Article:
Wednesday, November 28, 2012

The Writing Week (Vol. 5) part 251 - A Four and a Half Hour Notes Session

Yesterday was a first for me. My writing partner, W.A., and I sat down to meet about the first draft of our sci-fi spec. Before the Thanksgiving holiday, I turned in a 130 page draft to him, and yesterday was our first chance to really go into it in real detail together. What resulted was a four and a half hour meeting in which we talked mostly about character detail, goals, and tone. That is the longest script meeting I have ever had, probably by three or four times. 

Never before have I sat down for such a dedicated amount of time to talk about a script at both the macro and micro levels. It was one hell of a fruitful meeting. For one, W.A. and I identified the tonal inconsistencies that made the draft rocky. Actually, I should amend that a bit; we finally settled on a tone that we both felt was right for the script, and I will be able to make it consistent throughout the entire screenplay in my next draft. We'd fluctuated between adult action sci-fi (like CHILDREN OF MEN), and more family-oriented fare (JURASSIC PARK), but never wanted this to be a children's movie, despite having younger protagonists. In talking it out over the morning/afternoon, we nailed down the type of film we want it to be, which will inform all of the other notes that we have to address in round two.

Besides the tone, the nature of the protagonist's character is the meatiest element we needed to focus on. He's sort of a slacker, sort of a genius, sort of scared, sort of scarred, sort of way too many things. We came into the meeting with a question; who is he? What does he want and why is he the way he is? A lot of the solutions to that stem from the tonal decisions we made; after such a long sit-down, we both know this character a lot more than we did yesterday morning. Character can be one of the hardest things to get right. Your character has to be enjoyable to watch (even if he/she's not likable) and, ideally, has to have an arc that we can follow for 90 to 120 minutes. It can take multiple drafts to figure out what drives your protag - don't be alarmed or ashamed if that's the case. I did seven months of outlines before I wrote this draft, and it wasn't until our meeting that both W.A. and I were content that we had finally identified the person that is our story's hero. It takes time, patience, and sometimes seeing him or her on the page to get there. But it will happen.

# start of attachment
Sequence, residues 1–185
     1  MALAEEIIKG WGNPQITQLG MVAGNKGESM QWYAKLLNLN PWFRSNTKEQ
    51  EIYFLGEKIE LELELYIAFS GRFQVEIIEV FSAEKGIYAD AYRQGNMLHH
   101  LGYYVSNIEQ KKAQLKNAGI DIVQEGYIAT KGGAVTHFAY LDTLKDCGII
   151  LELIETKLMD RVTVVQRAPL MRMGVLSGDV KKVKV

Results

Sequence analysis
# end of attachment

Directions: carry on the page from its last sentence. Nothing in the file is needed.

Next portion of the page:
From that, followed the characters' goals - not just the protagonist's, but the antagonist's, as well. The antagonist's wants should be in direct conflict with the protagonist's, or should so mirror them that when one succeeds, the other inherently fails. By understanding our protagonist and his journey, we are better equipped to stack the deck (and the antagonist) against him.

W.A. has decades more industry experience than I do. In fact, though he probably would cringe at hearing it stated this way, he's been in the industry longer than I've been alive. This reason alone is why, despite some great script-work, the last half hour might have been one of the best parts of the meeting for me. As we were wrapping up, I asked him how he thought we'd proceed with the script when it was ready to be show around the industry. From there, we wound up talking about the business side of things, and he showed himself to be incredibly willing to share with and inform me about navigating Hollywood movie-making. He offered quips and insights and experiences; he foretold of things to come, should the movie get greenlit. And, maybe most valuable of all, he indicated his commitment to keeping me on board throughout the process. I am under no deception that the project is more mine than his; he's been working on it for years and brought me on to help. He wants to direct it. Granted, I've been a part of it for nine months now, almost ten, but in the end I know I defer to him. His comments, however, assured me that I will have a place in the future of this project, whatever happens with it, which is invaluable. Not that I expected him to drop me after it gets sold, mind you, but we all know that writers are all too often treated as expendable. W.A. is conscious of my time and effort on this project and doesn't want me to waste any of it. And at the end of the day, he expects me to remain a part of it. Let the learning process begin in earnest soon (with a sale after a couple more drafts, I hope).